Saturday, February 04, 2012

Europa Galante Chamber Orchestra: Vivaldi Pyrotechnics

Sometimes, the best laid plans... I had looked forward to seeing my conducting hero Stanislaw Skrowaczewski  perform the Schubert 9th in St Louis. At 88, he can't be conducting much longer. I thought the same when I saw him do the Bruckner 8th in St Louis in 2009, so hope I am wrong. But, horrid wet and stormy weather and threat of overnight and AM fog kept me at home.

Plan B, my neighbor had an extra ticket to the performance of The Europa Galante Chamber Orchestra, Fabio Biondi leading, with guest Mezzo Soprano Vivica Genaux. I was not all that thrilled at first, as Baroque music, Vivaldi and florid singing are not among my top choices. I hope I got a seat where I could sneak out early if needed.

I ended up staying for a most remarkable and exciting show.

Biondi and his small band have made a name for themselves by dusting off the works of Vivaldi and his contemporaries with exciting and visceral programs. No slow, scratchy, out of tune, bland and pedantic "authentic" performance here. The orchestra is usually two or three to a part with harpsichord, theorbo, and violine on continuo. The orchestra is usually two or three to a part with harpsichord, theorbo, and violine on continuo and they tune their instruments to the standard of the time. Whether you call them historically informed or authentic, their sound and vitality is heads above some other groups I have heard which seem to sap all the life out of the works.

Alaskan born mezzo Vivica Genaux is in demand for her vivid portrayals of baroque opera roles, her incredible technique and her equal ability with bel canto roles. She has a vibrant and engaging stage presence, may be a bit over-the-top drama at times but one can tell she loves the music and loves performing it even more.

The intelligently arranged program juxtaposed string works by Vivaldi, Locatelli and Nardini with arias from Vivaldi's operas including "Tito Manilo", "Farnace" and "Catone in Utica".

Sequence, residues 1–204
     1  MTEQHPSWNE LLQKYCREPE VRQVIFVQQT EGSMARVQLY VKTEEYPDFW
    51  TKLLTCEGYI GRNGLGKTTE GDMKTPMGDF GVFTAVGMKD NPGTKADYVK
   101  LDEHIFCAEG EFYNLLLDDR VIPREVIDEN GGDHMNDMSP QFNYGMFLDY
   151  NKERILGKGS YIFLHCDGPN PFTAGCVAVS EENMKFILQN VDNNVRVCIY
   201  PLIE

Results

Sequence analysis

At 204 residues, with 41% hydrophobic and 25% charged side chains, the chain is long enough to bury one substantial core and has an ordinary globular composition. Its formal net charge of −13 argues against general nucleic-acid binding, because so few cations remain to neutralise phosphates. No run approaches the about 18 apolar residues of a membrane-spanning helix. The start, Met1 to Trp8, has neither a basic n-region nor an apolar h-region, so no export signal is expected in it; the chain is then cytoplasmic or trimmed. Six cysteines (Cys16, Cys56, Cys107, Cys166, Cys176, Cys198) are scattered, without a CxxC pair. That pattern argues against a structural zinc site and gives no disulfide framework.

Genaux probably sang more notes in the evening than did the all the members of the chorus singing the Mahler Second down the street. Her runs and leaps were breathtaking and always clear. She verily oozed the drama and passion in the arias, many of them likely written for castrati. Most notable: the poignant "E prigonerio e re" (I am both prisoner and king) from "Semiramide" and "Alma oppressa" from "La fida ninfa". In her final aria "Agitata da due venti" ("I am tossed by two winds") from "Adelade" , Genaux's torrent of runs and trills literally blew across the audience like stormy winds.

The band's instrumental selections were equally fine. Vivaldi's Concerto for 2 Violins in A minor was so admired by Bach that it is one he transcribed for keyboard. Biondi and the leader of the second violins Andrea Rognoni were equally fine solos for this vibrant work. The Locatelli Concerto Grosso Op.7 # 6 "The Weeping of Arianna" with its sobbing phrases and long Largo sections, was particularly compelling and totally unknown to me. Simply fine examples of baroque writing and performance.

So, although I was tinged with regret over not travelling to St Louis for the Schubert, I was rewarded with a new (to me) discovery in the Europa Galante Orchestra... one that I will be exploring in the future.

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